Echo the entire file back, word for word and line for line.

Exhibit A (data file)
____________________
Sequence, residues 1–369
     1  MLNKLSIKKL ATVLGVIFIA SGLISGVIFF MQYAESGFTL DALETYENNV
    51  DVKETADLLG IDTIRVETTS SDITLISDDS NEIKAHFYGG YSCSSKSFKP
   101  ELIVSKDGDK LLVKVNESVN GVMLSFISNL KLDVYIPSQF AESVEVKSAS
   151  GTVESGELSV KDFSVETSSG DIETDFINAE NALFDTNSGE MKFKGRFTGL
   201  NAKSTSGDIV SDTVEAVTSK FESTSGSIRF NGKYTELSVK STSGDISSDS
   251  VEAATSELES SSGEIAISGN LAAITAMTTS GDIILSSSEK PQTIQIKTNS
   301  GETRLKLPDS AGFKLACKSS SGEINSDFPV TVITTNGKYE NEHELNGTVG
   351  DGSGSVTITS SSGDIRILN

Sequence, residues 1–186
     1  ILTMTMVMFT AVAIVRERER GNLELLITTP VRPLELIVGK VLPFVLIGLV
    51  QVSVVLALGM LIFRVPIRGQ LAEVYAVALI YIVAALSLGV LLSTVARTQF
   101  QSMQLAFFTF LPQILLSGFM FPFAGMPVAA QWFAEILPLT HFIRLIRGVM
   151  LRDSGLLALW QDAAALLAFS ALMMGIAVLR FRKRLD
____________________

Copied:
Sequence, residues 1–369
     1  MLNKLSIKKL ATVLGVIFIA SGLISGVIFF MQYAESGFTL DALETYENNV
    51  DVKETADLLG IDTIRVETTS SDITLISDDS NEIKAHFYGG YSCSSKSFKP
   101  ELIVSKDGDK LLVKVNESVN GVMLSFISNL KLDVYIPSQF AESVEVKSAS
   151  GTVESGELSV KDFSVETSSG DIETDFINAE NALFDTNSGE MKFKGRFTGL
   201  NAKSTSGDIV SDTVEAVTSK FESTSGSIRF NGKYTELSVK STSGDISSDS
   251  VEAATSELES SSGEIAISGN LAAITAMTTS GDIILSSSEK PQTIQIKTNS
   301  GETRLKLPDS AGFKLACKSS SGEINSDFPV TVITTNGKYE NEHELNGTVG
   351  DGSGSVTITS SSGDIRILN

Sequence, residues 1–186
     1  ILTMTMVMFT AVAIVRERER GNLELLITTP VRPLELIVGK VLPFVLIGLV
    51  QVSVVLALGM LIFRVPIRGQ LAEVYAVALI YIVAALSLGV LLSTVARTQF
   101  QSMQLAFFTF LPQILLSGFM FPFAGMPVAA QWFAEILPLT HFIRLIRGVM
   151  LRDSGLLALW QDAAALLAFS ALMMGIAVLR FRKRLD